A second fact, indicating the important role of heat, lies in the distribution of malaria over the different seasons. Here we find that the acme of epidemicity always falls in the warm half of the year. This applies, with certain modifications, to all places. In the slightly infected malarial regions the maximum of cases occurs in spring and autumn, a remission is seen in summer, and the minimum occurs in winter. In warmer countries, as Italy, southern France, Greece, southern Hungary, Algeria, etc., as well as in tropical and subtropical countries, the maximum falls in the months of July, August, and September. (See Fig. 1.) Yet the less the variations in temperature and humidity, the more these relations are obliterated. Therefore we do not always see the sharp curves of Fig. 1, which illustrates the conditions in Algiers, because there are constant fluctuations of increase and decrease in the spread of an epidemic. In Senegal the number of cases during and immediately after the rainy season (July to September) increases enormously. In Guiana and in the Antilles the distribution is, corresponding to the climate, more regular, yet even here most of the cases occur in the second half of the year, especially the third quarter, in conformity with the elevated temperature and increased rain.
Fig. 1.-Morbidity and mortality of malaria in the French army in the year 1890 (after Laveran).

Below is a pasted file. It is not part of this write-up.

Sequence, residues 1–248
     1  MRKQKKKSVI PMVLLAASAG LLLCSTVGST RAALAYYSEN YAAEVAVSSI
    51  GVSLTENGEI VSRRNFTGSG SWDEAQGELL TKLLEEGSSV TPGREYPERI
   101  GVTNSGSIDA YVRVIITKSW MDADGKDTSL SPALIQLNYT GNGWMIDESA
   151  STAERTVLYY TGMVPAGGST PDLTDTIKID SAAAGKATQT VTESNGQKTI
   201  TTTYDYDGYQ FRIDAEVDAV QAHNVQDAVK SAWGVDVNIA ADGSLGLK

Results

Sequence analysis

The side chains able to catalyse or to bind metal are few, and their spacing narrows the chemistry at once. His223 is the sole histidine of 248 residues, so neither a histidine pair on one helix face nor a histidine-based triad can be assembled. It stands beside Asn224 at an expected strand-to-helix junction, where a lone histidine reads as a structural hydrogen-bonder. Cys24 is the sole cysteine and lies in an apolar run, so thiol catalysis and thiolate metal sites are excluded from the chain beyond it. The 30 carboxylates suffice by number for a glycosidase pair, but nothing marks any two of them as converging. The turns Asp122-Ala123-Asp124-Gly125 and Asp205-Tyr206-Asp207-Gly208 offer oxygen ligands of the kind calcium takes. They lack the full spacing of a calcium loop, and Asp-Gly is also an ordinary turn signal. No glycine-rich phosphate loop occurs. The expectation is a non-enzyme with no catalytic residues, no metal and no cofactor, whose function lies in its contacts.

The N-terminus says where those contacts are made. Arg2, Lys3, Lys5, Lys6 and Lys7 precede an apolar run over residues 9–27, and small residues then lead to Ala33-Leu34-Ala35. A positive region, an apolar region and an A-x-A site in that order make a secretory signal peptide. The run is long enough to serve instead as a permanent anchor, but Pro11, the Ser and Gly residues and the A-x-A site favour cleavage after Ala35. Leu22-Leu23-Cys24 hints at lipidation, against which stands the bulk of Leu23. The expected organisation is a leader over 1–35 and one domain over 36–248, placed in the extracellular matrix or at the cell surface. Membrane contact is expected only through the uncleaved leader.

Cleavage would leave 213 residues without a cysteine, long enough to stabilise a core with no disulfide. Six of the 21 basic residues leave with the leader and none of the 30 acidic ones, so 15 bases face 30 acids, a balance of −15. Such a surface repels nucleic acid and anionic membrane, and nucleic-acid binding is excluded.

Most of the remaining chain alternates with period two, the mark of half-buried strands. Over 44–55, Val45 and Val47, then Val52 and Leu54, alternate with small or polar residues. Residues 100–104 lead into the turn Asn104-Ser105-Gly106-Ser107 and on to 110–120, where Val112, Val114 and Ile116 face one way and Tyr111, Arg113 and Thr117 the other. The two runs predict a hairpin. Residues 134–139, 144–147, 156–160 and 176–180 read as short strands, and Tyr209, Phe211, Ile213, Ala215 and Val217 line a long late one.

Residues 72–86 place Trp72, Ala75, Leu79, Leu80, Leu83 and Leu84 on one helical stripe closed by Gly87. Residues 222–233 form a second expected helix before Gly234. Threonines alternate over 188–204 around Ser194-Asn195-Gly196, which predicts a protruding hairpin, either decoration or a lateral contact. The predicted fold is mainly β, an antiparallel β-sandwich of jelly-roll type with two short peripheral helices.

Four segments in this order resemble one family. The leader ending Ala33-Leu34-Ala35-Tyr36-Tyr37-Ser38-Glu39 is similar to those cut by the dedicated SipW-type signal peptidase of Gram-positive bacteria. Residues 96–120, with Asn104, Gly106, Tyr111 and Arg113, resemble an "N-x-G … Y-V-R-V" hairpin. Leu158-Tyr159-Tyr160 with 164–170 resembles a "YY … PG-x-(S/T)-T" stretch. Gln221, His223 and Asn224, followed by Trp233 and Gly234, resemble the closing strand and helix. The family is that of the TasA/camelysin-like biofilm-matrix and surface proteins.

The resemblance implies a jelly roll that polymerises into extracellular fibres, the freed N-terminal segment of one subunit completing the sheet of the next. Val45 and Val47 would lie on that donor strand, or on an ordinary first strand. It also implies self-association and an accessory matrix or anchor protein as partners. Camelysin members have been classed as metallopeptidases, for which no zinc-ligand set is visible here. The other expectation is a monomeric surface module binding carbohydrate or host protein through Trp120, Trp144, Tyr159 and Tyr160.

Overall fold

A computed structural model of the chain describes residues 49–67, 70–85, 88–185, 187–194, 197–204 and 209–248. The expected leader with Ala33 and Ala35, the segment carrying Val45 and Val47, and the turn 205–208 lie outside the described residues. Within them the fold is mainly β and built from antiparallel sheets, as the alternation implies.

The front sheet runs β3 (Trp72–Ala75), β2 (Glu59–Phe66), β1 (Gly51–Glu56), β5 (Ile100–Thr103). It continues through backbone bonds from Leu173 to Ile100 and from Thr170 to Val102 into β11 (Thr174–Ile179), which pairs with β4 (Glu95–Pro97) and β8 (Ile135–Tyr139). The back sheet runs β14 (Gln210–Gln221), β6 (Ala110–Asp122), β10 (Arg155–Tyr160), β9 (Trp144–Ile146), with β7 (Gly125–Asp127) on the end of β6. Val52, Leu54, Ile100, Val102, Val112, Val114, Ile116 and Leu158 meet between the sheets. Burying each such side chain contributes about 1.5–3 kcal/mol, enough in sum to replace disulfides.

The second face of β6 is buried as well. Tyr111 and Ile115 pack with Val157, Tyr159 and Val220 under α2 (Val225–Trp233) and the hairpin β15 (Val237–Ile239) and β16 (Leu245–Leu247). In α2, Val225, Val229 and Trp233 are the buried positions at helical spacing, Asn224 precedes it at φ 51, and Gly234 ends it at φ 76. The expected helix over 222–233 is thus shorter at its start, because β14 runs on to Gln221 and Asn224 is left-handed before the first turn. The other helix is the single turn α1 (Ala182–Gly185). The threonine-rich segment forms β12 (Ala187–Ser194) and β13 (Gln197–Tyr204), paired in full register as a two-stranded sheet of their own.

The following statistics of admissions to the Hospital San Spirito, in Rome, of which the great majority are malarial patients, illustrates also what has been said:
It is important to realize that not merely the number of malarial cases, but also their severity, increases with a rise in the temperature. In temperate climates we find in spring the mild intermittent (viz., tertian); with July the severe forms begin to appear, and reach their acme in the months of August and September. The Italians, therefore, very practically classify them as vernal and estivoautumnal fevers. In winter the relapses occur. Many writers state that they have observed quartan fever principally in autumn and winter. It would be very interesting to discover if these were relapses from the spring or fresh cases. Four cases of pure quartan which I observed began as follows: September 26, the beginning of September, August 25, and the end of July. It seems to me, therefore, that quartan infection is to be collocated not with the spring, but with the late summer, fevers.
A complete picture of the distribution of malaria in the different seasons was drawn by Lancisi: "Itaque principio sestatis febres ut pluri mum tertianae non malignae corripiunt: adaucto vero sestu, febres continual atque etiam exitiales urgent; longe tamen deteriores evasurae et plane pestilentes circa iEquinoctium autumnale, prsecipue si pluvise, nebulae, rubigines, ventique australes accesserint. Tandem circa hyemale solstitium de pernicie ubique remittunt; sed in chronicas affectiones abe unt: qui enim ab ejusmodi Castrensibus febribus liberantur, fere semper contumacibus viscerum obstructionibus, et quartanis longo dein tempore duraturis divexari solent" (Cap. xi).